Linked by Thom Holwerda on Mon 8th May 2017 17:05 UTC

Ars Technica has an article with screenshots about a new development in Fuchsia, Google's research (maybe?) operating system. The project has a very basic and barebones graphical user interface now.

The home screen is a giant vertically scrolling list. In the center you'll see a (placeholder) profile picture, the date, a city name, and a battery icon. Above the are "Story" cards - basically Recent Apps - and below it is a scrolling list of suggestions, sort of like a Google Now placeholder. Leave the main screen and you'll see a Fuchsia "home" button pop up on the bottom of the screen, which is just a single white circle.

The GUI is called Armadillo, and has instructions on how to build it, and a video of it in action.

Google still hasn't said anything about Fuchsia's purpose or intended goal, but Travis Geiselbrecht did state in IRC that it isn't a toy, and it isn't a 20% project. At this point, the safest bet is to just call it a research operating system, but of course, it's exciting to imagine this brand new open source operating system having a bigger role to play.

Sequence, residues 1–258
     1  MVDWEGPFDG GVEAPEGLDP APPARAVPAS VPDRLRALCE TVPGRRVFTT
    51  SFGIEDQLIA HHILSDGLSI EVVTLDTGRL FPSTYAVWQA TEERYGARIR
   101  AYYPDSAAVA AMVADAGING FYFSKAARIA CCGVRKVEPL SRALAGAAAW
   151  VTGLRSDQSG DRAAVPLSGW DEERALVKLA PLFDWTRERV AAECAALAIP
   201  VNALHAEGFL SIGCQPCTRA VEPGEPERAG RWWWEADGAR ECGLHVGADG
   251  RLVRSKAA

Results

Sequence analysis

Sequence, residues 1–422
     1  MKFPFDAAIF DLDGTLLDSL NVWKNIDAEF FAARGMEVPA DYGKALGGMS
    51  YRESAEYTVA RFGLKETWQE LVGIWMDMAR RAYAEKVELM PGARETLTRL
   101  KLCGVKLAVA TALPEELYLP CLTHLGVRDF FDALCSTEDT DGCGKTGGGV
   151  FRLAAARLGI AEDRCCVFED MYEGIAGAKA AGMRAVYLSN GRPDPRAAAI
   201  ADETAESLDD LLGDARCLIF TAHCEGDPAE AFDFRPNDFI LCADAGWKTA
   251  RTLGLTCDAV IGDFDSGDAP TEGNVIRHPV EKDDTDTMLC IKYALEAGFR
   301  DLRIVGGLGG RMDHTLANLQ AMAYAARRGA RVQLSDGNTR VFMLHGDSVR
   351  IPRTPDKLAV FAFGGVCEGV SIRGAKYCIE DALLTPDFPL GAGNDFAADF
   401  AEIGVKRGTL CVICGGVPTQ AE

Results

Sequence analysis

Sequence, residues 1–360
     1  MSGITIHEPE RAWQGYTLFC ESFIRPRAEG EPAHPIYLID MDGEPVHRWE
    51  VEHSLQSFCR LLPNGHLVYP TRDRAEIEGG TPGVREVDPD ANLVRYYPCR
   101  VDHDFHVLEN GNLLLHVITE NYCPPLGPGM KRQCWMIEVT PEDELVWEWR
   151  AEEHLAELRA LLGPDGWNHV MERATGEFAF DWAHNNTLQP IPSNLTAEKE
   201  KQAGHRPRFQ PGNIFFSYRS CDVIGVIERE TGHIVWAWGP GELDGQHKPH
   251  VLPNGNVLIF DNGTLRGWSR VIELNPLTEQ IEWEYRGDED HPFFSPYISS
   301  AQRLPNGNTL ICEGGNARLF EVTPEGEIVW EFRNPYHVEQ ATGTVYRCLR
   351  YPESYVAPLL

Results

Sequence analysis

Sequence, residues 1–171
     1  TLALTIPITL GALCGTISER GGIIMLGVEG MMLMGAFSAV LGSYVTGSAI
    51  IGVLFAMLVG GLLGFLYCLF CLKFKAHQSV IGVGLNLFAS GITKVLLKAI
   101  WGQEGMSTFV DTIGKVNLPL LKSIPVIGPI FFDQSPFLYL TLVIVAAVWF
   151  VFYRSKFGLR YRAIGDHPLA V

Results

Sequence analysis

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Googles frustration with Linux
by JMcCarthy on Tue 9th May 2017 19:46 UTC
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I keep hearing this is being developed because Google is frustrated with the nature of Linux kernel development. The lack of stable (in-kernel) API/ABI, lack of control, the update problem.

..Except they get nothing they couldn't get by simply forking the kernel. The problem is they're trying to keep one foot in the door and the other out. Almost none of the problems they've faced are the result of any sort of technical limitation.

The kernel doesn't have a stable driver API because the people in charge don't want one. Fork the kernel and you're the one in charge.

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